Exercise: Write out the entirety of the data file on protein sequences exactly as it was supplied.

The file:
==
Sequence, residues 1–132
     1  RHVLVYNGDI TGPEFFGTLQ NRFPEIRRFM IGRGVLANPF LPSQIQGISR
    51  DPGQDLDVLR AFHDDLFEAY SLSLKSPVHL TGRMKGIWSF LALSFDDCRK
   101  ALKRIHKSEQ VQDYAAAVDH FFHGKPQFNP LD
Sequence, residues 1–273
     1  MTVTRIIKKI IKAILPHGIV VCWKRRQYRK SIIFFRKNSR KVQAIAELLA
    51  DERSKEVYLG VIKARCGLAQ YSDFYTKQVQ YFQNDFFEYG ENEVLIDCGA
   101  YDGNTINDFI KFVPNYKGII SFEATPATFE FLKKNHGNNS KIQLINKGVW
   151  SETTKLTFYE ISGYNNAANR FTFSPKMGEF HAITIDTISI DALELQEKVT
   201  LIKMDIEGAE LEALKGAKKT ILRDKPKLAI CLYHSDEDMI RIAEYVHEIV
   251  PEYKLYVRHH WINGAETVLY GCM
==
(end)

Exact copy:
Sequence, residues 1–132
     1  RHVLVYNGDI TGPEFFGTLQ NRFPEIRRFM IGRGVLANPF LPSQIQGISR
    51  DPGQDLDVLR AFHDDLFEAY SLSLKSPVHL TGRMKGIWSF LALSFDDCRK
   101  ALKRIHKSEQ VQDYAAAVDH FFHGKPQFNP LD
Sequence, residues 1–273
     1  MTVTRIIKKI IKAILPHGIV VCWKRRQYRK SIIFFRKNSR KVQAIAELLA
    51  DERSKEVYLG VIKARCGLAQ YSDFYTKQVQ YFQNDFFEYG ENEVLIDCGA
   101  YDGNTINDFI KFVPNYKGII SFEATPATFE FLKKNHGNNS KIQLINKGVW
   151  SETTKLTFYE ISGYNNAANR FTFSPKMGEF HAITIDTISI DALELQEKVT
   201  LIKMDIEGAE LEALKGAKKT ILRDKPKLAI CLYHSDEDMI RIAEYVHEIV
   251  PEYKLYVRHH WINGAETVLY GCM